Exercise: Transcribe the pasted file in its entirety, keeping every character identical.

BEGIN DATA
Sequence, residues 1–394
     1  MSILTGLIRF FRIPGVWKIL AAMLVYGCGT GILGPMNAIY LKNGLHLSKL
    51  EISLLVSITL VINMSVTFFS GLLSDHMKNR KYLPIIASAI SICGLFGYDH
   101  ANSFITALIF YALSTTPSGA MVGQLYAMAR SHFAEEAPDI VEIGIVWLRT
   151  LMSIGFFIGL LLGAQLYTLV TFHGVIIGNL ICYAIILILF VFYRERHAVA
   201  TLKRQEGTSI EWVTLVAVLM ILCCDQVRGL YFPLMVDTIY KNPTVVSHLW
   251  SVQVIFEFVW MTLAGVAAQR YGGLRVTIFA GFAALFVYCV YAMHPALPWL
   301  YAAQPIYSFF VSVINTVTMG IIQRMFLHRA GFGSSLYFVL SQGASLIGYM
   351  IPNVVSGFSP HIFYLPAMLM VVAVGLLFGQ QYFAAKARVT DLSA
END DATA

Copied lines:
Sequence, residues 1–394
     1  MSILTGLIRF FRIPGVWKIL AAMLVYGCGT GILGPMNAIY LKNGLHLSKL
    51  EISLLVSITL VINMSVTFFS GLLSDHMKNR KYLPIIASAI SICGLFGYDH
   101  ANSFITALIF YALSTTPSGA MVGQLYAMAR SHFAEEAPDI VEIGIVWLRT
   151  LMSIGFFIGL LLGAQLYTLV TFHGVIIGNL ICYAIILILF VFYRERHAVA
   201  TLKRQEGTSI EWVTLVAVLM ILCCDQVRGL YFPLMVDTIY KNPTVVSHLW
   251  SVQVIFEFVW MTLAGVAAQR YGGLRVTIFA GFAALFVYCV YAMHPALPWL
   301  YAAQPIYSFF VSVINTVTMG IIQRMFLHRA GFGSSLYFVL SQGASLIGYM
   351  IPNVVSGFSP HIFYLPAMLM VVAVGLLFGQ QYFAAKARVT DLSA